Love on a Mission Part IV

posted in: Travel | 9

Part IV of how Chuck and I met and fell in love on a Teen Missions team. Be sure and read Part I, Part II, Part III!love on a missionSilhouetted in the beam of my flashlight was the figure of a man, approaching my tent.

My chest heaved up and down and my breaths were ragged and audible…the man was now only feet from the entrance of my tent.

Renee? Are you awake?” came the voice of our cute Canadian team leader. It was Chuck, checking on me because it was his job as team nurse.

I don’t think I’ve ever been so relieved in my life. Had I not been dehydrated I probably would have relaxed too much and found myself in puddle of warm liquid. As it was, I had already taken care of business just outside of my tent, finding the walk to the bat-infested privy too much for my sick body.

Chuck asked if I needed anything then left.

I was alone again in the jungle. My heart was still racing. I spent the rest of the night in a state of fear and in the morning our leaders decided to move my sick tent back to the circle of girls’ tents. I was so relieved; I wasn’t sure how many terrifying nights in the jungle I could survive.

Within days I tested positive for two types of malaria. Wearing my long-sleeve shirts in the heat of the jungle had done nothing to protect me from the mosquito borne illness, nor had the DEET or antimalarial medications. The antimalarial medication had, in fact, covered the parasite my body was harboring by masking the infection.

Once I had tested positive (along with several other team members) I was moved into the missionaries’ house. In fact, I am pretty sure I was moved into their bedroom, which would have been awkward I’m sure if my fever were about five degrees lower. As it was, I  was delirious and not aware of much.

Every single bone and joint in my body ached. No, ache is much too mild a word, each joint burned like it was on fire and hurt with a deep, constant pain. There was no position I could get in that was comfortable. Every sip of water and bite of food came right back up. I fought with everything I had to keep the quinine pills down. The pills caused vivid dreams that awoke me and left such a loud ringing in my ears I could barely hear people’s voices when they approached my bed.  I remember our head female leader bringing in a small electric fan. I huddled in my fleece sleeping bag shivering as the cool air blew in my face. I was too cold without the fleece covering but burning with heat and fever without the fan.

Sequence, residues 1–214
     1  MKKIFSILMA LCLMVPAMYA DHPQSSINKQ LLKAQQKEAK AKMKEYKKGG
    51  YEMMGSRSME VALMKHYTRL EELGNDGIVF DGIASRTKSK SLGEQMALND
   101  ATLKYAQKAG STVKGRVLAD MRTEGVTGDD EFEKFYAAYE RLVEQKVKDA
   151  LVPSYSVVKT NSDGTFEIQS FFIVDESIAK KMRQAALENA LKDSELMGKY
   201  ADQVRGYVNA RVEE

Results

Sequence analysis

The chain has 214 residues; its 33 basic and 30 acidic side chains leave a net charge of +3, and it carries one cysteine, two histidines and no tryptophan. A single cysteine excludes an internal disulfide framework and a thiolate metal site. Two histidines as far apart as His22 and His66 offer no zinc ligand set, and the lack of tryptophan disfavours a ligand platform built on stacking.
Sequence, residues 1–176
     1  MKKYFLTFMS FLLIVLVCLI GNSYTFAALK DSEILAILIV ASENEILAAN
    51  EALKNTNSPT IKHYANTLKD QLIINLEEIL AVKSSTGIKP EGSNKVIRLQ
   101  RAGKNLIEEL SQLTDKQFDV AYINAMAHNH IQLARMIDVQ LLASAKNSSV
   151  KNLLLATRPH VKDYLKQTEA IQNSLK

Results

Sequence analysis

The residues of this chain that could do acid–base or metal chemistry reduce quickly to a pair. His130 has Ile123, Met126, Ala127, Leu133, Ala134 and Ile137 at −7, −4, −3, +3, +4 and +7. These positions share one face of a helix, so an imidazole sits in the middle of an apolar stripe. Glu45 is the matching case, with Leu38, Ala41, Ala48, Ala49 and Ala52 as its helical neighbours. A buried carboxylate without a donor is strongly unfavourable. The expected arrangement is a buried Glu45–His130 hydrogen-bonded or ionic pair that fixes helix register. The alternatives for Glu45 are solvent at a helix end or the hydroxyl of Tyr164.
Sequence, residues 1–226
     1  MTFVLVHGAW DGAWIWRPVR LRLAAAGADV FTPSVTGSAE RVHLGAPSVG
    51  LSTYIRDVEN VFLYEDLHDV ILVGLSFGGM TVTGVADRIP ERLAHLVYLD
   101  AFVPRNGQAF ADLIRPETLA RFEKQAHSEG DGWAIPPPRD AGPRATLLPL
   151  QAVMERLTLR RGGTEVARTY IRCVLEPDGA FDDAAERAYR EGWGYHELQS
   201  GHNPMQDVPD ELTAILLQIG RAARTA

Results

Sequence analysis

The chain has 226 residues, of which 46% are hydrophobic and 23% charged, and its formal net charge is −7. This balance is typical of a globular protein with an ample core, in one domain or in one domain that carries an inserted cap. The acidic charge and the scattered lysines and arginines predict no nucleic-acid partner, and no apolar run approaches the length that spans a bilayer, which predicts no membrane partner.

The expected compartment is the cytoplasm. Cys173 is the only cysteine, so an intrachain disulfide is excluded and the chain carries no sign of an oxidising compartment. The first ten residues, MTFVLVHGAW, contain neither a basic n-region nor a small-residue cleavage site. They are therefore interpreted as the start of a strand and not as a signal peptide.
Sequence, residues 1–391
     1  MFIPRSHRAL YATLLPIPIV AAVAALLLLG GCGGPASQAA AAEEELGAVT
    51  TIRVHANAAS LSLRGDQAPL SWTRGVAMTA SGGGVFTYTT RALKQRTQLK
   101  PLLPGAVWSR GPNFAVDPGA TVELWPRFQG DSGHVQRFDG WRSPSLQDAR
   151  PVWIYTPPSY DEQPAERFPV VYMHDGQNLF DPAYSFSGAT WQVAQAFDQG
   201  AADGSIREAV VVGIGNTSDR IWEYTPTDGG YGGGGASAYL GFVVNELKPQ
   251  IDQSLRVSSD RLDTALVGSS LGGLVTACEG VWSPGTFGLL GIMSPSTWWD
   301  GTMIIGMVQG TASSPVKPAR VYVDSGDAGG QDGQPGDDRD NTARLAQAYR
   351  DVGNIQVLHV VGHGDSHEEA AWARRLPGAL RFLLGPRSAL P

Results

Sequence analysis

One afternoon I drifted off to sleep with the now familiar ringing in my ears. It was loud and constant and in my fevered state I viewed the noise as a comforting friend. I awoke with a start sometime later and heard quiet strains of singing drifting through the walls. Our  team was having evening devotions. I opened my eyes to total darkness and realized I was blind! I blinked a few times and then moved my hand right in front of my face; I couldn’t see it at all. The ringing in my ears was one thing, but now my vision? I lay in bed with my heart beating fast. I moved my eyes this way and that trying in vain to make out the outline of something,  anything. I had no idea what I was going to say to my Pamela, our head female leader when she came to check on me. I was sick and in pain, had chronic ringing in my ears and now I was blind.

Eventually I head footsteps coming and braced myself to announce my new terrifying symptom. The door slowly creaked open and with it a slant of light shone into the room. I wasn’t blind at all, I had simply fallen asleep in daylight and awoken to the total darkness of the jungle hours later.

Eventually I was moved out of the missionaries’ room and into the room next door with two other malaria-suffering team members, Mary and Sarah. Now that I was a bit better, team nurse Chuck was back in charge of my care, and that of Mary and Sarah. He would check on us once or twice a day. I noticed he lingered a bit longer each day, to chat. I knew enough about male and female relationships to know he liked someone in that room…I just wasn’t sure who. Sarah was too young for him, so he was either lingering to chat with me or Mary.